And so on in this vein. It is a well-written post on a timely topic, and provides helpful context (“Do you know who else tried to detract from their evil politics by spreading lies to get people scared of immigrants and foreigners?” - though at least she answers Orban instead of the usual!) It is probably better than I could do, especially if I held myself to a post-a-day schedule. It just doesn’t quite answer my question of how she rose above some of the most famous journalists in the world to become the undisputed Queen of Substack.
Still, all of her posts are like this. A daily discussion of one timely issue, a lot of useful context and explanation, and a paragraph or two about why it proves that the Republicans are the party of hatred and bigotry.
I’m actually a bit charmed by this. I make fun of politics Substackers for not really living up to their “Just the news without craziness or bias” taglines. But Richardson gets two out of three, and she does them really well. And one or two paragraphs per article calling Republicans the party of bigotry is the necessary tax these days to avoid accusations of being a Republican sympathizer yourself. Maybe all of those people who said that what people really want is clear lucid explanations of important issues by experts with lots of context were just right all along?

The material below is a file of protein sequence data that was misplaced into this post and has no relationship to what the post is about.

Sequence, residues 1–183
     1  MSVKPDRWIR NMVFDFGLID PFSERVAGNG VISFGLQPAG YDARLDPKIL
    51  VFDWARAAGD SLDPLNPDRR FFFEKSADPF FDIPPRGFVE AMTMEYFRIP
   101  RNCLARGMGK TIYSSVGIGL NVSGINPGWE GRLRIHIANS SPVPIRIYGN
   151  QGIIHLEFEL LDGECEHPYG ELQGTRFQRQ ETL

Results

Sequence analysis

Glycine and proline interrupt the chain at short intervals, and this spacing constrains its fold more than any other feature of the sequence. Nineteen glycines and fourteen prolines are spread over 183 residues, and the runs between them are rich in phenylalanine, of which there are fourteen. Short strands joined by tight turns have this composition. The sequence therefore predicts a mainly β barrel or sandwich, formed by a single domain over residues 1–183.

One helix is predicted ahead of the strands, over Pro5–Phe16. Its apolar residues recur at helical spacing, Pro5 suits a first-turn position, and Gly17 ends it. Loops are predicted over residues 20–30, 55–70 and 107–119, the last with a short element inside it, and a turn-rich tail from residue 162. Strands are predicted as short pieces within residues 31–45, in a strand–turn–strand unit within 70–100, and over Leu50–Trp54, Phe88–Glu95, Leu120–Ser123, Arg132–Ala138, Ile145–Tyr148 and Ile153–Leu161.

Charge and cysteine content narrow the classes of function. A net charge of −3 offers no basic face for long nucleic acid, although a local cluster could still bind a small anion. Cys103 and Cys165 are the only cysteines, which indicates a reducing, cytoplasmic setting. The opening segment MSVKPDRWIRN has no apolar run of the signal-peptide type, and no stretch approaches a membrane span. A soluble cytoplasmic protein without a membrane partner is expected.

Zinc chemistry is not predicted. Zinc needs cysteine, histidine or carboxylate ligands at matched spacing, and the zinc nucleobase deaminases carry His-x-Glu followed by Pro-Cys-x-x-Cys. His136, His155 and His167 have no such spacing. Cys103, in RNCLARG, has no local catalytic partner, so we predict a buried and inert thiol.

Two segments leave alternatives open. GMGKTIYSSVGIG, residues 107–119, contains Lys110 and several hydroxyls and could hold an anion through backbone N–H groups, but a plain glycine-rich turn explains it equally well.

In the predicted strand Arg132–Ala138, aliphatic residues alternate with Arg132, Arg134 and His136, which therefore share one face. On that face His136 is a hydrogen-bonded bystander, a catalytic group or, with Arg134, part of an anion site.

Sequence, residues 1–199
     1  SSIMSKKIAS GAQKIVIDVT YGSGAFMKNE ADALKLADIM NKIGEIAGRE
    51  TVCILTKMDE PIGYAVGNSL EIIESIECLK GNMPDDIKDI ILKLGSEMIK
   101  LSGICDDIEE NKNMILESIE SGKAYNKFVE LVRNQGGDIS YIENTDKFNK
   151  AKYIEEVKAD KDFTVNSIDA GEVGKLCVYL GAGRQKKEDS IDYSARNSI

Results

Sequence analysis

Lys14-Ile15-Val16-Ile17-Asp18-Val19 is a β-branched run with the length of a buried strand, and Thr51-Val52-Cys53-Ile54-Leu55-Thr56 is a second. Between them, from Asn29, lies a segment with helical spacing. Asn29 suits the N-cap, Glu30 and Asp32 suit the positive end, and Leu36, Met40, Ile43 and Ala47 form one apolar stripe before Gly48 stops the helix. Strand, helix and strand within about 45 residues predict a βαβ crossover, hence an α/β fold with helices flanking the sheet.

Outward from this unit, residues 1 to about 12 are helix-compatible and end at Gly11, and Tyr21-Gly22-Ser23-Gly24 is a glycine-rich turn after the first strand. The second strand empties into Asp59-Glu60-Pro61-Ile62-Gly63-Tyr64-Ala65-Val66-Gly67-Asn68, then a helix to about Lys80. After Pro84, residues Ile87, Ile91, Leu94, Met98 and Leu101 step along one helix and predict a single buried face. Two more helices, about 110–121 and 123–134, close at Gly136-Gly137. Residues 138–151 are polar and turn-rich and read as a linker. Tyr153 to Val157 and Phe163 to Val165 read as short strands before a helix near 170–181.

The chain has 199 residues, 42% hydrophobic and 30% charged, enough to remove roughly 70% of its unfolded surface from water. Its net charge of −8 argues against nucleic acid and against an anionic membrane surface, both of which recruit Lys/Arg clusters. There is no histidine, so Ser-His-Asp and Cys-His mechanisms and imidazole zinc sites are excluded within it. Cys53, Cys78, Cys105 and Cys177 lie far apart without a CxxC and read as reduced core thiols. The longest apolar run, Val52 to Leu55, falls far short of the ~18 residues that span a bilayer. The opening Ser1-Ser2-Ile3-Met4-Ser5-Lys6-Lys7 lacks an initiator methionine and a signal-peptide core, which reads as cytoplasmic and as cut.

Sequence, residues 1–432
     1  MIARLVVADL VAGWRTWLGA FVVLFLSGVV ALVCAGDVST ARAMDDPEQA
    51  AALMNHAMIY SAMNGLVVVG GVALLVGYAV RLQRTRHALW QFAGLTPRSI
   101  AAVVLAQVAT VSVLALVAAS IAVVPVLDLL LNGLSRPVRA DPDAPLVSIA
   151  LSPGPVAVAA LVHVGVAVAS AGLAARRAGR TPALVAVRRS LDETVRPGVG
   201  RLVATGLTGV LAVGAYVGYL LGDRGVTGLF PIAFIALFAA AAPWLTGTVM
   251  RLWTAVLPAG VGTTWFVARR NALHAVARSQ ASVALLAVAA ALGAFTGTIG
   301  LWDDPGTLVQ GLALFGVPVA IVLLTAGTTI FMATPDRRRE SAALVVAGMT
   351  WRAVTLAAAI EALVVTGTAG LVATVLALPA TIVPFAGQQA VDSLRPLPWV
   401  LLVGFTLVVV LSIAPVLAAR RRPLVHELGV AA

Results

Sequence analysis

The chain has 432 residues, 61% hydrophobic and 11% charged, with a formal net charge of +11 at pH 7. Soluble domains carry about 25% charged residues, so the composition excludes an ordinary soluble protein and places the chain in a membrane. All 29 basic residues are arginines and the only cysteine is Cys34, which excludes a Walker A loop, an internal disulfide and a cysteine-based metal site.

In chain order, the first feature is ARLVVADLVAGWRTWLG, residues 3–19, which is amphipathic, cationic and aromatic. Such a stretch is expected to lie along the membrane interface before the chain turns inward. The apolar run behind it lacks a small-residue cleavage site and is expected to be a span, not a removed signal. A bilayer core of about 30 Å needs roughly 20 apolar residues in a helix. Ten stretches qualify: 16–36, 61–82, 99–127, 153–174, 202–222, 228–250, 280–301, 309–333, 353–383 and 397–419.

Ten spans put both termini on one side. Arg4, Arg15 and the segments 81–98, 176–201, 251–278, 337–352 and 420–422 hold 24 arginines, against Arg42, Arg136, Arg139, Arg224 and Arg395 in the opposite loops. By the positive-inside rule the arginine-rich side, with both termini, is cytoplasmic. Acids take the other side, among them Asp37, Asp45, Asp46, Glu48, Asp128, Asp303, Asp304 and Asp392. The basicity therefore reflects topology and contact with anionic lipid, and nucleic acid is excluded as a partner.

(Also, it looks like Heather got married earlier this month! Congratulations!)
Our mad scientist wonders if he has perhaps found some hidden good in people, here in a distant corner of the multiverse. Then he pulls the lever again, to end up at: